Imagine yourself in a mule-drawn streetcar or private carriage being transported to Exposition grounds. Hear the hooves on a shell road constructed for the occasion. You arrive at this Main Entrance. Its architecture reflects that of the gigantic Renaissance-styled Main Building behind it. You pay 50 cents to enter, about half the cost of a rental room for the day.
Mississippi architect Gustav M. Torgerson designed the Main Building's exterior to echo the towers, arches, and turrets of the Louvre Museum in Paris. The interior exhibit halls had few obstructions, and the huge Music Hall at the building's center could seat 11,000 people in the audience and 600 on the stage. Long rows of skylights invited in natural light over miles of aisles where manufactured goods confirmed the advance of industrialization. For the first time at a World's Fair, elevators took visitors to second floors and electric lights illuminated the structures and the grounds and allowed the exposition to remain open until 9 p.m.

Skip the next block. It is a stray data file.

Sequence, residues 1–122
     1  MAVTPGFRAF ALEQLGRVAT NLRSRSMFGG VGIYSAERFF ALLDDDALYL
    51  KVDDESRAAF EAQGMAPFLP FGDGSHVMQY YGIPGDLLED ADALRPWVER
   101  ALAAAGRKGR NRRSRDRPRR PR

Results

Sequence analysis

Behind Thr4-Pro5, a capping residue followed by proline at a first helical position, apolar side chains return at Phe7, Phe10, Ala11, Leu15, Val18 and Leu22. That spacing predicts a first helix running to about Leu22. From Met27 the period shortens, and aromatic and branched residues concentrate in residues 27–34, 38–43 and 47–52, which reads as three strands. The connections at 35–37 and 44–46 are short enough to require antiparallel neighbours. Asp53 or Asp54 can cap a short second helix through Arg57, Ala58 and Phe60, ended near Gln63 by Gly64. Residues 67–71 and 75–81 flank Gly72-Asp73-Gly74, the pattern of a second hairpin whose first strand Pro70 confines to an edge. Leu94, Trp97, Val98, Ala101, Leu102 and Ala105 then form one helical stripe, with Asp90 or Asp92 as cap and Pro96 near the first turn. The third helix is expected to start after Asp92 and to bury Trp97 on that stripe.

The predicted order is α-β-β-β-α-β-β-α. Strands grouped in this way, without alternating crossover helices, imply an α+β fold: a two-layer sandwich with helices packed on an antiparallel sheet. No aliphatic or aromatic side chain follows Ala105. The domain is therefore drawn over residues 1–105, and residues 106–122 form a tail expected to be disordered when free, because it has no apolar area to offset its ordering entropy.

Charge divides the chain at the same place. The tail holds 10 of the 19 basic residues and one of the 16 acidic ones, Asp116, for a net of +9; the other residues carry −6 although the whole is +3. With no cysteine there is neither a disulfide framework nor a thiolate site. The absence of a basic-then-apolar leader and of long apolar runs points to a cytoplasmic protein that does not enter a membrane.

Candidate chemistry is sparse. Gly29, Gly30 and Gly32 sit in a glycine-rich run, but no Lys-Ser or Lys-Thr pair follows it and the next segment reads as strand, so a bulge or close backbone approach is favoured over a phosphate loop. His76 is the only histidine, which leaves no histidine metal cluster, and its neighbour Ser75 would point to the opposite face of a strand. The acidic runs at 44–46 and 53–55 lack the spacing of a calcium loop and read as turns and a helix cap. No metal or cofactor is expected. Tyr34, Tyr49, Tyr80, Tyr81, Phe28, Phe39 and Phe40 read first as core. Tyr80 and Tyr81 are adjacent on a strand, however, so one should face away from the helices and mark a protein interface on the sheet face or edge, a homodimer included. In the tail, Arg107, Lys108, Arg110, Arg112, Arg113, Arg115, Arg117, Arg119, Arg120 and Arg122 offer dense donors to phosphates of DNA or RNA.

Picture the great fanfare with which the event opened on December 16, 1884. Officials and dignitaries arrived on flag-draped steamboats and processed through throngs of well-wishers to this Main Building and Music Hall. After celebratory speeches, prayers, and poems, President Chester A. Arthur finally clicked the button from Washington City (D. C.). The giant Corliss engine roared power throughout the facility, and the World's Industrial and Cotton Centennial Exposition was officially under way. Only the Music Hall's gigantic Pilcher Brothers organ could compete with the noise of the motors; the building was never quiet again. The vast space has been used for numerous celebratory events, such as when Rex, King of Carnival, greeted his subjects the day before Mardi Gras, on Lundi Gras February 16, 1885.
Although few exhibits were in place on opening day, fantastic displays rose over time, and heavy industrial and farming equipment caught the attention of visitors-- including a row of the latest steam locomotives. Imagine the days you could spend roaming aisle to aisle, your head swimming with new products and inventions.